October 16, 1998 8:00 AM PDT

Senator comments on Microsoft

The war of words heated up just days before Microsoft is set to go to trial to defend its business practices, which critics charge are anticompetitive.

As earlier reported, Senate Democratic leader Tom Daschle (D-South Dakota) weighed in with his first remarks on the case.

"I believe the Justice Department's (DOJ) antitrust lawsuit against Microsoft, no matter how it comes out, has encouraged important public discussion of anticompetitive practices in the software industry," Daschle said in a statement. "High-tech industries are the key to America's future competitiveness, and we simply cannot afford to look the other way when serious questions are raised about allegedly inappropriate business practices."

The battle promises to escalate today. That's when former U.S. Court of Appeals judge Robert Bork, Jeffrey Eisenach, president of the Progress & Freedom Foundation, and Mitchell Pettit, executive director of ProComp, will address "how stopping Microsoft's anticompetitive abuse of monopoly power will benefit innovation in the high-tech industry" in Washington, D.C.

Microsoft has denied any wrongdoing.

Meanwhile, government attorneys See related story:
Microsoft's holy war on Javaplan to show a videotaped deposition of Microsoft chief executive Bill Gates at the software giant's trial set to start Monday at 10 a.m. ET, a court filing revealed.

As for Microsoft, the company released several new letters from politicians that appeared critical of the government's legal actions against Microsoft.

The Justice Department and 20 states, which filed a broad antitrust lawsuit against Microsoft in May, announced their intention in a court filing released Wednesday. The brief was filed with a separate list of exhibits also filed Wednesday, that catalogues more than 1,200 exhibits the government intends to introduce in the case.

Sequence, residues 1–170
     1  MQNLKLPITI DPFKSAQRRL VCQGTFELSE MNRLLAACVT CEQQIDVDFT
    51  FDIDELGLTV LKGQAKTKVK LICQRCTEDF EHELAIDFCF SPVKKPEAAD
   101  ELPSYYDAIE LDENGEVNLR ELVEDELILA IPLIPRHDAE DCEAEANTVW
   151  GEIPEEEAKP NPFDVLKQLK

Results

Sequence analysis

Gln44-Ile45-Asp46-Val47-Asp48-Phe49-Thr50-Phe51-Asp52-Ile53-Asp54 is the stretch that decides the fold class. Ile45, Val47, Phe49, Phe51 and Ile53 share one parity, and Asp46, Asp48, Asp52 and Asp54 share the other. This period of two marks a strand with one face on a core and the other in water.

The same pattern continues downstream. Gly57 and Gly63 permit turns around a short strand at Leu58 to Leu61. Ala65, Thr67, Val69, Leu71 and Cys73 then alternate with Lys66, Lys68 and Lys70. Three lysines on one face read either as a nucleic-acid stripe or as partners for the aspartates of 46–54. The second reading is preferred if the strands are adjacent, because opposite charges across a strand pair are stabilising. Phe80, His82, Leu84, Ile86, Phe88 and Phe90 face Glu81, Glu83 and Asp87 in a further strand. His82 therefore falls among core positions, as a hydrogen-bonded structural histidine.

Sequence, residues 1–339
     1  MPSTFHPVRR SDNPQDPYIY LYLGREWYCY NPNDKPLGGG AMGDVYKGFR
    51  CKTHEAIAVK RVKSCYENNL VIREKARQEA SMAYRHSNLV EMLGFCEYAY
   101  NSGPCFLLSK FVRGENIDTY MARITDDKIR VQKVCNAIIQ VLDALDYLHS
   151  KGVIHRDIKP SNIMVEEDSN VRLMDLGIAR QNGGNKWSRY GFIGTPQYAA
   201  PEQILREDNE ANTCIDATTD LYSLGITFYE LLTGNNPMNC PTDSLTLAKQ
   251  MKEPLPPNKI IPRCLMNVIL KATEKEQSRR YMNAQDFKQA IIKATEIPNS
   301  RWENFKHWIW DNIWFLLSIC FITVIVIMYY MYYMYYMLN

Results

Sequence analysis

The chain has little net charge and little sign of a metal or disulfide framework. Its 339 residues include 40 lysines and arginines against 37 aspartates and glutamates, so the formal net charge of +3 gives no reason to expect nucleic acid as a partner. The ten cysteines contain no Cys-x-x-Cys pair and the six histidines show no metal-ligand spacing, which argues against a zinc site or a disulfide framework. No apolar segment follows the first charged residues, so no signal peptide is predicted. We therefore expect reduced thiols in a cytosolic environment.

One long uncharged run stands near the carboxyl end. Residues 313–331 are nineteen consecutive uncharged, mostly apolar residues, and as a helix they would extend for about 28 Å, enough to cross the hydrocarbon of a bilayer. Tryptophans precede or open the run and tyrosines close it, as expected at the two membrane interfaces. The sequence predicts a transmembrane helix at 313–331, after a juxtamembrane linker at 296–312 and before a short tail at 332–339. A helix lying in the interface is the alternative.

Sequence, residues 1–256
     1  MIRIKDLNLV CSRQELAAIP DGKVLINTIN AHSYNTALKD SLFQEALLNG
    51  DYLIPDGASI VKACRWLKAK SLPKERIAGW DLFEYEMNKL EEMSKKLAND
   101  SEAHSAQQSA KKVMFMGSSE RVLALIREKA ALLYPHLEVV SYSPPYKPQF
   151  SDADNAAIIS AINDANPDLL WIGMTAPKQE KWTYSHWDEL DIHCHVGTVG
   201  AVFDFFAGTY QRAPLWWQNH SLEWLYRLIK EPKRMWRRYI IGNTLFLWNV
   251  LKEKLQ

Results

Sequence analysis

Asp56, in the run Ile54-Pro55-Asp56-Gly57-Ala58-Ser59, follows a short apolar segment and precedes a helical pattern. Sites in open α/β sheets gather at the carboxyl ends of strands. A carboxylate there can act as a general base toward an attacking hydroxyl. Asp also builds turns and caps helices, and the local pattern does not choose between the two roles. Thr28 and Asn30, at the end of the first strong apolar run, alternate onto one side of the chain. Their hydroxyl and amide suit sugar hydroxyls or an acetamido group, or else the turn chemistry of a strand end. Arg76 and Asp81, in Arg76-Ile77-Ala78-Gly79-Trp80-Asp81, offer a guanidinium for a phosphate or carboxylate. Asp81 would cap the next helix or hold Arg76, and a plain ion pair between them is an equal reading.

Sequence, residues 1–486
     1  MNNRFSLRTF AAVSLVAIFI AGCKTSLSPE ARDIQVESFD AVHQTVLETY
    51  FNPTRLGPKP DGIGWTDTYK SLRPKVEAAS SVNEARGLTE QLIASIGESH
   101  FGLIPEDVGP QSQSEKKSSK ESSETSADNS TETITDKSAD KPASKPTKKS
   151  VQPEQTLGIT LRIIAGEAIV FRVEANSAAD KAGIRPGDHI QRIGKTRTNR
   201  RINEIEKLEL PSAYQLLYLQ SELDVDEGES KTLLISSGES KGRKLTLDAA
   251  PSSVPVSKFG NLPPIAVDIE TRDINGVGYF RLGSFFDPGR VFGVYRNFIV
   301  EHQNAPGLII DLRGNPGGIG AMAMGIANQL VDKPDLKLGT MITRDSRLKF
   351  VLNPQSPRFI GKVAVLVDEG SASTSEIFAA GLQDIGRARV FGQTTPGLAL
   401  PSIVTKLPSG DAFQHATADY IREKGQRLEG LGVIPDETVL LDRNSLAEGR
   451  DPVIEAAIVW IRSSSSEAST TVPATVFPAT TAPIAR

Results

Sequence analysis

Government officials have said privately that Gates repeatedly sparred with government attorneys during the three-day deposition taken this summer and claimed he had trouble remembering sending and receiving documents at the heart of the case. The government also intends to introduce a deposition taken of Gates in a separate case Microsoft is involved in with Caldera.

In addition to Gates's pretrial testimony, the government intends to enter into the record depositions of numerous other individuals. They include:

  • Microsoft executives Steve Ballmer, Brad Chase, Jim Allchin, Ben Slivka, and Charles Fitzgerald;

  • executives from Microsoft competitors, including Netscape Communications' Marc Andreessen, RealNetworks' Phil Barrett, Santa Cruz Operations' Wayne Bergland, and Bristol Technology's Keith Blackwell.

    Microsoft also filed a list of exhibits and depositions to be introduced at trial. Representatives from the company were not immediately available for comment.

    On the lobbying front, Microsoft during the past month has lined up the support of several new politicians, most notably a letter from Wisconsin Governor Tommy Thompson to U.S. Attorney General Janet Reno. Thompson, whose state is among the 20 taking on Microsoft, refers to a 13-year antitrust case the government waged on IBM.

    "We are concerned that the legal action by the DOJ and several state attorneys general against another American success story, Microsoft, may again undermine American leadership in this vital sector of the economy," Thompson wrote in the September 9 letter. "While we support enforcement of antitrust laws to preserve competition and protect consumers, this action appears to benefit a specific competitor or group of competitors rather than consumer [sic] or the marketplace."

    Microsoft released a separate letter signed by 27 members of the House that also criticized the case. Separate letters signed by 14 Senate members make vague criticisms of the case as well.

    Reuters contributed to this report.

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